Audubon in Charleston
Following the successful publication of the first volumes of The Birds of America, Audubon returned to America in 1831 to sell more subscriptions and to observe and paint more birds from the Southeast. He arrived in Charleston in October and almost immediately befriended the Rev. John Bachman, an avid naturalist who become his invaluable supporter and, later, collaborator.
Audubon spent several entire winters with the Bachman family in Charleston. There, he drew from nature and painted many of the original watercolors in preparation for the now legendary engraving and hand-coloring by Robert Havell, Jr. in London. Our Audubon in Charleston Collection includes Perfect Recreations of the Great Blue Heron, Wood Ibis, Carolina Parrot, Long-billed Curlew, Snowy Heron (or White Egret) and American Snipe (Wilson's Snipe).
Audubon frequently described his times in Charleston as the happiest in his life. Often accompanied by Bachman, he spent his days in nearby rice plantations and sea marshes observing and sketching the indigenous heron, ibis, curlew and parrot populations. These magnificent birds became the subjects of some of Audubon's most popular and beloved images. Some of the backgrounds, by Audubon's assistant George Lehman, depict Charleston and its plantations. See more iconic images in our Audubon Collection and in Goin' to Carolina.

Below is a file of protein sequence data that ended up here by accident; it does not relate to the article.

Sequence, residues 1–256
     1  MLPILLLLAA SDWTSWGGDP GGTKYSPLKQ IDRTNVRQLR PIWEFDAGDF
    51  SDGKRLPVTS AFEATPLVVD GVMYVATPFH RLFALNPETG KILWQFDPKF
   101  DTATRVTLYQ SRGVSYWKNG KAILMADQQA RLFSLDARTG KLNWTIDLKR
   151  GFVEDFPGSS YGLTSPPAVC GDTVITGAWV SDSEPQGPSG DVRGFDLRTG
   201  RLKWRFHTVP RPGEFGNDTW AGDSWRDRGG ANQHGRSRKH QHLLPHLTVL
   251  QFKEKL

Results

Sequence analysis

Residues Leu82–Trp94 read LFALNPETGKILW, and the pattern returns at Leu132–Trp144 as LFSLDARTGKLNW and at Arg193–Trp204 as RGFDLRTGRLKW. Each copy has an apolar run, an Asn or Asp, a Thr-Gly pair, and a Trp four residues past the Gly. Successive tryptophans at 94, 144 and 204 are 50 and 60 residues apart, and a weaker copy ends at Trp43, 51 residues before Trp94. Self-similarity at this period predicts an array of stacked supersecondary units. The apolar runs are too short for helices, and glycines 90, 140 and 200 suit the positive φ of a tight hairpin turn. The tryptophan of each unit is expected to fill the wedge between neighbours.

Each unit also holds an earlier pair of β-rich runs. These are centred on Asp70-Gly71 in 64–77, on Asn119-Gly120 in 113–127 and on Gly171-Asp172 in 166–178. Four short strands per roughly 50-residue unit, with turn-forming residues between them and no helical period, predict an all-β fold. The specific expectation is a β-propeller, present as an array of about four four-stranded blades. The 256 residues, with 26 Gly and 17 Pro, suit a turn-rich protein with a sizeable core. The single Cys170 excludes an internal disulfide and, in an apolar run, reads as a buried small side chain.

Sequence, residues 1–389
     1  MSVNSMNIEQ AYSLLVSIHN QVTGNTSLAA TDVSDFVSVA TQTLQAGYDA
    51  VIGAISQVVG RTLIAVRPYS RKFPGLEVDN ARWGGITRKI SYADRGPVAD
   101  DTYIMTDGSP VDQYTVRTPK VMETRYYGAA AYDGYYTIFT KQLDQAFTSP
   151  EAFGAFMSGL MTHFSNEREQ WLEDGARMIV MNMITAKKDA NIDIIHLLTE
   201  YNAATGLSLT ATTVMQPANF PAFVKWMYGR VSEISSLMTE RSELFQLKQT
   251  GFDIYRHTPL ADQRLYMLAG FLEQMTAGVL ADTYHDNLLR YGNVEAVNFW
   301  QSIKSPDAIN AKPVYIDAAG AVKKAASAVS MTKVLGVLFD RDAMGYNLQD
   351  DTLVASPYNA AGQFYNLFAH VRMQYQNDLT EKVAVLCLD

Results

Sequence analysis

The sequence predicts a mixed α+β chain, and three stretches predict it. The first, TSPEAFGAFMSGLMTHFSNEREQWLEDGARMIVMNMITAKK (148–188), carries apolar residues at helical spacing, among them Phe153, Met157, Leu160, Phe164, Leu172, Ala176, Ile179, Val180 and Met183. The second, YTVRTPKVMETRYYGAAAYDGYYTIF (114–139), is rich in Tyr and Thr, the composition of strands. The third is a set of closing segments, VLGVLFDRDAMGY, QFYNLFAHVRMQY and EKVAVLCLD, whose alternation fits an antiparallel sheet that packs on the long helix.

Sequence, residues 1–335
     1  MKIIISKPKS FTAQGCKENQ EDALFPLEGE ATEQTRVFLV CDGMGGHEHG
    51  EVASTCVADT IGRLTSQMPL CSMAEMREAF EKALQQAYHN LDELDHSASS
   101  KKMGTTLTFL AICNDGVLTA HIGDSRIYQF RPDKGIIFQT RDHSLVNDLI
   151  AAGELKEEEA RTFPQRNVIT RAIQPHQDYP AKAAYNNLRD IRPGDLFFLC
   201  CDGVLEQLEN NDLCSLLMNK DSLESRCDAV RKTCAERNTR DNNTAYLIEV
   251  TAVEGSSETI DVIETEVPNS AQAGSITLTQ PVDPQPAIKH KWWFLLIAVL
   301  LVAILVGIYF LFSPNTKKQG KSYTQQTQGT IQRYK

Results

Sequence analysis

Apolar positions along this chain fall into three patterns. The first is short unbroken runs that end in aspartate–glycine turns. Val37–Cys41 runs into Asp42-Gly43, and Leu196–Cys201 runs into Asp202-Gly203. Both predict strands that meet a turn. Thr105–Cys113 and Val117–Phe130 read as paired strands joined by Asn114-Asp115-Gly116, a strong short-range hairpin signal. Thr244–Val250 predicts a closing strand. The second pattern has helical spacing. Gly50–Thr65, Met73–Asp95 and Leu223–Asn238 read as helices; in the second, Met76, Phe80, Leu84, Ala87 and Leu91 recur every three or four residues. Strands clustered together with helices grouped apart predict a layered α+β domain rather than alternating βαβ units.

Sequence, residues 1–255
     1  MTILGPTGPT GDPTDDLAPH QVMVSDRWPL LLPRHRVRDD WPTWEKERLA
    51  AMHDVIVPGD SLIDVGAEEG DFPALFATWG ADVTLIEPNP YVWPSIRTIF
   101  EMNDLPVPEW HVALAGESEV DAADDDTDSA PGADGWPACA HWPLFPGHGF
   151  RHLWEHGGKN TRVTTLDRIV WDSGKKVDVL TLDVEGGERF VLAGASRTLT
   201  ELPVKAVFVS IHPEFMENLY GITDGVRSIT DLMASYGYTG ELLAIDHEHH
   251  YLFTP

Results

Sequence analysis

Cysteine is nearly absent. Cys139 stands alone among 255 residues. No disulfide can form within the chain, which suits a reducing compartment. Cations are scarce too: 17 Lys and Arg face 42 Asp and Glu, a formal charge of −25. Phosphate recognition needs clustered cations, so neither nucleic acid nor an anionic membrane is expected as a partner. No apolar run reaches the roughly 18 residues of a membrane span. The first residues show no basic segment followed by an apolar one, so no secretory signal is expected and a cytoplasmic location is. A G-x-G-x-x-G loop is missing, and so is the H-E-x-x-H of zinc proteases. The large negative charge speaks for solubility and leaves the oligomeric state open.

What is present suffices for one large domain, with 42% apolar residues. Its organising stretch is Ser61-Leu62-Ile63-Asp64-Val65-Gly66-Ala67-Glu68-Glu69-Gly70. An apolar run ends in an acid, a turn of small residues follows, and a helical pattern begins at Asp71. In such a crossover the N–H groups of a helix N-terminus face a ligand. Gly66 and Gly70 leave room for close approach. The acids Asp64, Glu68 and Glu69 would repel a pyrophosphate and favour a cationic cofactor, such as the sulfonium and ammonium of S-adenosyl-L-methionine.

"Absolutely perfect and magnificent". What Our Customers Say
The quality of ours far exceeds all previous Audubon print reproductions. Our proprietary process yields a resolution, or level of detail, more than ten times greater than the resolution the 2002 Oppenheimer, 1985 Princeton and 1971 Amsterdam editions. So we can perfectly re-create the amazingly lifelike impression of the original Audubons, because we alone are able to perfect re-create with total clarity and sharpness the extremely fine detail of the original drawing and engraving. Audubon and Havell presented all the glorious detail that exists in nature – and we do, too.
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